According to the Census of 1851, there were in London fifty-seven firms of builders employing fifty or more men, and nine firms were reported as employing more than 200 men. In 1872, at the time of the great lock-out of their workers by the London master builders, the secretary of the Central Association of Master Builders claimed that there were "fully 250 large building establishments" in London. A fair proportion of these firms were probably organized on [Thomas] Cubitt’s model — particularly the largest of them.

Firms of such a size and character were quite large by the standards of industrial Britain in the mid-nineteenth century. In the space of half a century an industry which had been organized primarily on a craft basis had, without the stimulus of any important technological advances, thrown up a group of large, complex, and markedly capitalist businesses. — E. W. Cooney 173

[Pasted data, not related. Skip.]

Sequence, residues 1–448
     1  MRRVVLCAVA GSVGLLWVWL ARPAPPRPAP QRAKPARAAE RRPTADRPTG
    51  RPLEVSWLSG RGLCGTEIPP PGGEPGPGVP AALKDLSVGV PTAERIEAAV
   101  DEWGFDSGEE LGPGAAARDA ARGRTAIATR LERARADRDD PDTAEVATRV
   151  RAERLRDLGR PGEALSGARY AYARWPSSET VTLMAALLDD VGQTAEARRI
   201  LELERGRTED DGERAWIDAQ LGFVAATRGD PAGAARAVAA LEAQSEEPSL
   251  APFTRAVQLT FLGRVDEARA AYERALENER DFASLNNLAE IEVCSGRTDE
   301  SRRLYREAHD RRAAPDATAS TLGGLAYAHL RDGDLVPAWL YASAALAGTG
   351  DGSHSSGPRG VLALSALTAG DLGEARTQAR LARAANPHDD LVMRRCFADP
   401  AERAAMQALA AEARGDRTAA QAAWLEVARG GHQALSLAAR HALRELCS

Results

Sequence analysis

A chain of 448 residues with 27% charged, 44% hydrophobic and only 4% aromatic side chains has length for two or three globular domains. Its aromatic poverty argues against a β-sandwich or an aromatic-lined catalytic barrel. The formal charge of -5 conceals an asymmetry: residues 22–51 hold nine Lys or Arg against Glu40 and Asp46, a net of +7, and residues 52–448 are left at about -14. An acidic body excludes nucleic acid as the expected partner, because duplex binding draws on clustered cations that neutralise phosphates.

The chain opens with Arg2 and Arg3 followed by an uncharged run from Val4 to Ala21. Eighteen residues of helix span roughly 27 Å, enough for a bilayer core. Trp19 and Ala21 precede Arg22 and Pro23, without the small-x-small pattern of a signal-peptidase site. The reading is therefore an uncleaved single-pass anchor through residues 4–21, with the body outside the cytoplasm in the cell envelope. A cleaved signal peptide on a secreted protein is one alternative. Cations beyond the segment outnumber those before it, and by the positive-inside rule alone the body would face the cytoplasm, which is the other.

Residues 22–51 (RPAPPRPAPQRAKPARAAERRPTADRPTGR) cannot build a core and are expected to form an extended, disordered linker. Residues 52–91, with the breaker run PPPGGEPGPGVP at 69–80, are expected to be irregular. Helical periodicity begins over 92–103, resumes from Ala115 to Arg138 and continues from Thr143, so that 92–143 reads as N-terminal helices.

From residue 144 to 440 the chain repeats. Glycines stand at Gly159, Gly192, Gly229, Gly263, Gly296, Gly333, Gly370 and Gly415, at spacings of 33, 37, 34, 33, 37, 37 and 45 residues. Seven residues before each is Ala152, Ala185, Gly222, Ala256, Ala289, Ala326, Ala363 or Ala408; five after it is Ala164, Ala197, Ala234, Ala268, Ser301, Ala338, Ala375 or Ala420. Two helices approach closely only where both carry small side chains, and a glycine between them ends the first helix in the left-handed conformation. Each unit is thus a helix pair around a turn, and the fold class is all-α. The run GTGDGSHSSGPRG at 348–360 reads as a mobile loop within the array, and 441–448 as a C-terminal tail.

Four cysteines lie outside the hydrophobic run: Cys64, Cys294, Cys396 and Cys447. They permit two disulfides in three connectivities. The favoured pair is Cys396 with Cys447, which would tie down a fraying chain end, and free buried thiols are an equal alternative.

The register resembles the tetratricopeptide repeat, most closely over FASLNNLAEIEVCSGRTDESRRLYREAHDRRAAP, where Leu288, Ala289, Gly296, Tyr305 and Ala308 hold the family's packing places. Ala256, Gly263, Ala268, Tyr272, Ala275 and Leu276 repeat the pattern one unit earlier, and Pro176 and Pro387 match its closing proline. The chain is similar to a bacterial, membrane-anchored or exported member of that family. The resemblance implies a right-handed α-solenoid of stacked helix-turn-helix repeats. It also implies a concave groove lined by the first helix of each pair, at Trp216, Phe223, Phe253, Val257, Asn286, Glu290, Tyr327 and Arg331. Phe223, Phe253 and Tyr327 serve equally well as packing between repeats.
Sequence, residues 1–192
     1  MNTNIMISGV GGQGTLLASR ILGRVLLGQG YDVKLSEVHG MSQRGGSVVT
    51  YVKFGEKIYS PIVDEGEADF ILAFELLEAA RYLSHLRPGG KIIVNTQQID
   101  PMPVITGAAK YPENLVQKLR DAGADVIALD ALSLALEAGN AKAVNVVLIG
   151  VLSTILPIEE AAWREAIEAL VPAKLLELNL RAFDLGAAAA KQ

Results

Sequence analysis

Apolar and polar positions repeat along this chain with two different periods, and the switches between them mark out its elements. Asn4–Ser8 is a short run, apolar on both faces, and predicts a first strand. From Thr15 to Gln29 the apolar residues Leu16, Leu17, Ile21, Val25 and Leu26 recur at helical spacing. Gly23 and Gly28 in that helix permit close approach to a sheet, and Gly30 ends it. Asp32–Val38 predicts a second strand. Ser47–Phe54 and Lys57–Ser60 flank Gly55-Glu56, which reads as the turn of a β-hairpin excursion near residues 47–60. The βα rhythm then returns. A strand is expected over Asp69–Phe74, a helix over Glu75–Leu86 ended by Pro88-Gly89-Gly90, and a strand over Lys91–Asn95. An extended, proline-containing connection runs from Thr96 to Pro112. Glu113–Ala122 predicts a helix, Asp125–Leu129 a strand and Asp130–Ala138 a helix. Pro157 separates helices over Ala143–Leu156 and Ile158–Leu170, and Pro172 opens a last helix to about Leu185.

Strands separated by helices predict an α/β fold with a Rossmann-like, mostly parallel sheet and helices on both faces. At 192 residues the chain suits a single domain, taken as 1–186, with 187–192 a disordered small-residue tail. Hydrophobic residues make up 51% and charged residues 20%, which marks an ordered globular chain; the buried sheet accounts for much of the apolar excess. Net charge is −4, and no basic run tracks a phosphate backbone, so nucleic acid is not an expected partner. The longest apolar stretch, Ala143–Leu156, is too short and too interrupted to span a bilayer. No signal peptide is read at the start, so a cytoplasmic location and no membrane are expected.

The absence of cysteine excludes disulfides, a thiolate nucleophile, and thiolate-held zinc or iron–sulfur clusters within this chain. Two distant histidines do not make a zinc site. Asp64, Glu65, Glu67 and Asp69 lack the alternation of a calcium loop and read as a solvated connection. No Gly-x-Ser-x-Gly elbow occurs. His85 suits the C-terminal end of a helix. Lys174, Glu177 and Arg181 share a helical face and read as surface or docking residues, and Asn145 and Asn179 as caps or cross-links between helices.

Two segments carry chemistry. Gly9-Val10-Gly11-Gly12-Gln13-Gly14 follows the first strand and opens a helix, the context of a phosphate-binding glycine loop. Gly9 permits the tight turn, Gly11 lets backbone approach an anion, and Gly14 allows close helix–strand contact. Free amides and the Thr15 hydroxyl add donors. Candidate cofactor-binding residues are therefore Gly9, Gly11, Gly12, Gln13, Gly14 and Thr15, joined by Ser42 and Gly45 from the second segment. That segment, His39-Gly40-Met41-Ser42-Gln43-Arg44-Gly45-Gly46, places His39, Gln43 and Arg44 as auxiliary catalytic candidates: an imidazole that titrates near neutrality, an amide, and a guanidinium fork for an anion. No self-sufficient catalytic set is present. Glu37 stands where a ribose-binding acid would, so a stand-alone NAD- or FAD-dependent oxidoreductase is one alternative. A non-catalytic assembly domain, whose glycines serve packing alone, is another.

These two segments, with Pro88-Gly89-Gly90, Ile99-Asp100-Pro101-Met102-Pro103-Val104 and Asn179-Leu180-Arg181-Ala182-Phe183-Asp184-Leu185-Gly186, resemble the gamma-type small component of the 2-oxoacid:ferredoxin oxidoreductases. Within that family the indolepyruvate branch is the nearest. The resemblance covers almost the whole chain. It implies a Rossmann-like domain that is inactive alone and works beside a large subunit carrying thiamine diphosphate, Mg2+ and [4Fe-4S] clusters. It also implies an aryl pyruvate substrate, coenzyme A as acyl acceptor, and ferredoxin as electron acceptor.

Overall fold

Thomas Cubitt, detail of his statue in Dorking by William Fowke.

Individual Firms

Links to related material


Anderson, Christy. Review of James Ayres's Building the Georgian City. The Journal of the Society of Architectural Historians. 59: 2 (June 2000). 252-54.

Cooney, E. W. "The Origins of the Victorian Master Builders." The Economic History Review 8, no. 2 (1955): 167–76.

Halliday, Stephen. Making the Metropolis: Creators of Victoria's London. Derby: Breedon, 2003.

History RICS (Royal Institution of Chartered Surveyors). Web. 7 November 2021

ICS (Institute of Civil Engineers): History, Web. 7 November 2021.

Long, Helen C. Victorian Houses and Their Details: The Role of Publications in Their Building and Decoration. Oxford: Architectural Press, 2002.

Powell, Christopher G. The British Building Industry since 19800: An Economic History. 2nd ed. Abingdon: Spon, 1996.

Spencer-Silver, Patricia. Pugin's Builder: The Life and Work of George Myers. Hull: University of Hull Press, 1993.

Created 7 November 2021